Battle of Raichur

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Battle of Raichur
Date May 1520[1]
Location Raichur, Karnataka, India
Result Decisive Vijayanagar victory
Belligerents
Vijayanagara flag.png Vijayanagara Empire Sultanate of Bijapur
Commanders and leaders
Vijayanagara flag.png Krishnadevaraya[2]
Vijayanagara flag.png Pemmasani Ramalinga Nayaka
Ismail Adil Shah[3]
Strength
736,000 (composing 32,600 war horses and 550 war elephants)[4] 140,000 (composing infantry and cavalry)[5]
Casualties and losses
Unknown Unknown

The Battle of Raichur was a battle fought between the Vijayanagar Empire and the Sultanate of Bijapur in 1520 CE in the town of Raichur, India. It resulted in a decisive victory for Vijayanagar forces and the Bijapur ruler was defeated and pushed across the river Krishna. [6] This battle had far-reaching effects; it weakened the power and prestige of the Adil Shah. [7]

Background[edit]

The fort of Raichur was built by Kakatiya king Rudra in 1284 CE which passed on to the Vijayanagar kingdom after the decline of Kakatiyas. Ever since, the fort has been under dispute for nearly two centuries. The fort was captured by Bahmanis in 1323 CE. Saluva Narasimha Raya expressed a wish in his testament that the city of Raichur be recaptured. This has been in the mind of Krishnadevaraya since his coronation in 1509. In the year 1520 Krishnadevaraya sent Seyed Maraikar, a Muslim in his service to Goa with a large sum of money to buy horses. Maraikar instead went to Adil Khan with the money and offered his services. Krishnadevaraya made a demand that Maraikar be returned along with the money which was duly refused. During the period of peace Krishnadevaraya made extensive preparations for a grand attack on Raichur doab. After the court decided that Raichur should be attacked the king invited all commanders (Nayakas) in his service to take part in the battle.

Battle[edit]

The Vijayanagar army consisted of some 700,000 fighting men, over 30,000 horses, and 550 elephants. The king Krishnadevaraya performed prayers in the city of Vijayanagar and left for Raichur. The Vijayanagar army was well-armed – the archers and musketeers with their quilted tunics, shieldmen with their swords and poignards in their girdles. The horses were in full clothing and elephants had large howdahs from which four men could fight on each side of them. The army upon nearing the fort of Raichur pitched the camp on the eastern side of the citadel and began the siege. After an interval, Krishnadevaraya received intelligence of arrival of Ismail Adil Shah on the north side of Krishna River with an army of 140,000 cavalry and infantry. On the morning of May 19, 1520, the forces of Vijayanagar and Bijapur clashed and engaged. The Vijayanagar army made tremendous noise heralding the engagement. [8] Though Bijapur had superior firepower, Vijayanagar emerged victorious. [9] Ismail Adil Shah was defeated and his forces were routed. [10]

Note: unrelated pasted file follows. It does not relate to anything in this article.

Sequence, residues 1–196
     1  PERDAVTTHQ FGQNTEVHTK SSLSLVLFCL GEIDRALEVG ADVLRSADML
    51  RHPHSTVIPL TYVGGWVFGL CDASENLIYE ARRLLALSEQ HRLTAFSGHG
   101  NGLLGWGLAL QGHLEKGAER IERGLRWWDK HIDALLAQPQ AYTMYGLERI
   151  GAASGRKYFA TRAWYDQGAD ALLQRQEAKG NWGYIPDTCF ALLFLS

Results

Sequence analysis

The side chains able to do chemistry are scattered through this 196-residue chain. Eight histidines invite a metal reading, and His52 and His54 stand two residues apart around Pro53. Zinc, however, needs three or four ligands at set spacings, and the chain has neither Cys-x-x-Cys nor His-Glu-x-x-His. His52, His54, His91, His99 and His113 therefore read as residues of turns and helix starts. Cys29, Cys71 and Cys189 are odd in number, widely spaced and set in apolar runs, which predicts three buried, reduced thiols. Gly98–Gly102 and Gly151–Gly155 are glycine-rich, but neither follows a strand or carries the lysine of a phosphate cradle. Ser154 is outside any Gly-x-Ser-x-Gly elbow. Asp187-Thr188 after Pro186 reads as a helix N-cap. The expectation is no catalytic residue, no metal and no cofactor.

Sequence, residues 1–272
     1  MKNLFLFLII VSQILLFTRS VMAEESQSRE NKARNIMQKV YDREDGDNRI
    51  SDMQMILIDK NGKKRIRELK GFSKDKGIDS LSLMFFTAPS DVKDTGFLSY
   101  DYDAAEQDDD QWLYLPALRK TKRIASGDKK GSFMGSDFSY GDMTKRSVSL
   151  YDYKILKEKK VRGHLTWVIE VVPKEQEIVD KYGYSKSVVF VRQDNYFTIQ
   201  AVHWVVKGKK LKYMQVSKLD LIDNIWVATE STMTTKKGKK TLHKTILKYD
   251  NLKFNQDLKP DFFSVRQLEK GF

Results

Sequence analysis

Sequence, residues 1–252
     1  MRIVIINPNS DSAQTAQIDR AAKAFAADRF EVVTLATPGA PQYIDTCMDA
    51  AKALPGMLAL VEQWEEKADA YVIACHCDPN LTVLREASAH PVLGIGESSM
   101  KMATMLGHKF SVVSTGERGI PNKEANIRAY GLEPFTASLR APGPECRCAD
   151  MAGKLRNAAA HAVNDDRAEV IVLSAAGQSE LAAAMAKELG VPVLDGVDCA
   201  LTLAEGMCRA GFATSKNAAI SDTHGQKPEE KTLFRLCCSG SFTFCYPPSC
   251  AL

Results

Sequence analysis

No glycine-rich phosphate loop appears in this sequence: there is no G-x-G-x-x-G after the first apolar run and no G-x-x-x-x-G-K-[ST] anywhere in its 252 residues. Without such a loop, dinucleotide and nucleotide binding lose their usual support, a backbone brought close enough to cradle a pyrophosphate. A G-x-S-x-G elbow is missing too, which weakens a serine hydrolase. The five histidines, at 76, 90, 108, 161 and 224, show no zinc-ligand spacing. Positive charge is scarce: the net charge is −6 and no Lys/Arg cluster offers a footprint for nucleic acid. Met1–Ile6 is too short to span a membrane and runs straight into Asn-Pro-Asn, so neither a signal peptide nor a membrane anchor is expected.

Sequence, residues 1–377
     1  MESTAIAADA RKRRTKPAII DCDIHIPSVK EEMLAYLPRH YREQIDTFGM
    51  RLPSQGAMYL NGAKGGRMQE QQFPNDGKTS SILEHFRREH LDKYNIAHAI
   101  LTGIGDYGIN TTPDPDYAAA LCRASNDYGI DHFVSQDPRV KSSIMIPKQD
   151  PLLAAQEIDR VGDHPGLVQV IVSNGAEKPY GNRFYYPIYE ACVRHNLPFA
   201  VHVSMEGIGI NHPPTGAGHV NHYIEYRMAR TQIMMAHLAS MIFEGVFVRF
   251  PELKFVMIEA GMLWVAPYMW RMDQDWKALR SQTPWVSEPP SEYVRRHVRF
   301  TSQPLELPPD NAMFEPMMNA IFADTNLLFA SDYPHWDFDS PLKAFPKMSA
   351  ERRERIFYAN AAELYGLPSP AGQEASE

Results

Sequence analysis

Outcome[edit]

In this battle, Krishnadevaraya was supported by some Portuguese soldiers with Cristovao de Figueiredo at their head. The Portuguese commander was specially honored by the Vijayanagar king. The Portuguese on the coast gained by the result of this battle, since Goa rose and fell simultaneously with the rise and fall of Vijayanagar, considering that the entire trade of Portuguese depended on the support of Vijayanagar. [11] The Vijayanagar armies later destroyed Gulbarga before a truce was made and liberated the sons of Mahmud Bahamani. This battle had far-reaching effects; it weakened the power and prestige of the Adil Shah and he turned his attention to make alliances with other Muslim neighbors. The victory also caused other Sultans in the Deccan to come together and consider a combination by aid of which Vijayanagar was eventually defeated.

See also[edit]

References[edit]

  1. ^ Vikas Khatri (2012). World Famous Wars and Battles. Pustak Mahal. 
  2. ^ Ivana Elbl (2009). Portuguese Studies Review. The Portuguese Studies Review at Trent University. 
  3. ^ Ivana Elbl (2009). Portuguese Studies Review. The Portuguese Studies Review at Trent University. 
  4. ^ Vikas Khatri (2012). World Famous Wars and Battles. Pustak Mahal. 
  5. ^ Vikas Khatri (2012). World Famous Wars and Battles. Pustak Mahal. 
  6. ^ Krishna Reddy (2008). Indian History. Tata McGraw-Hill. 
  7. ^ Vikas Khatri (2012). World Famous Wars and Battles. Pustak Mahal. 
  8. ^ Vikas Khatri (2012). World Famous Wars and Battles. Pustak Mahal. 
  9. ^ Kaushik Roy (2014). Military Transition in Early Modern Asia, 1400-1750. Bloomsbury Publishing Plc. 
  10. ^ Ivana Elbl (2009). Portuguese Studies Review. The Portuguese Studies Review at Trent University. 
  11. ^ Ivana Elbl (2009). Portuguese Studies Review. The Portuguese Studies Review at Trent University. 
  • Robert Sewell-A Forgotten Empire (Vijayanagar): A Contribution to the History of India, 1901. (http://historion.net/r.sewell-vijayanagar-history-india/)
  • Rayavachakam - Viswanatharaya Sthanapati (in Telugu).
  • Tidings of the king: a translation and ethnohistorical analysis of the Rayavachakamu by Phillip B. Wagoner. University of Hawaii Press, Honolulu. 1993.

(ISBN 0-8248-1495-9). (http://www.questia.com/PM.qst?a=o&d=62773998)

  • Krishnaraja Vijayam - Kumara Dhurjati (in Telugu).
  • Sougandhika Prasavapaharanamu - Ratnakaram Gopala Kavi (in Telugu).
  • K. Iswara Dutt, Journal of Andhra Historical Research Society. Vol. 10, pp. 222–224.
  • K. A. Nilakanta Sastry, Further Sources of Vijayanagar History - 1946(https://archive.org/details/FurtherSourcesOfVijayanagaraHistory)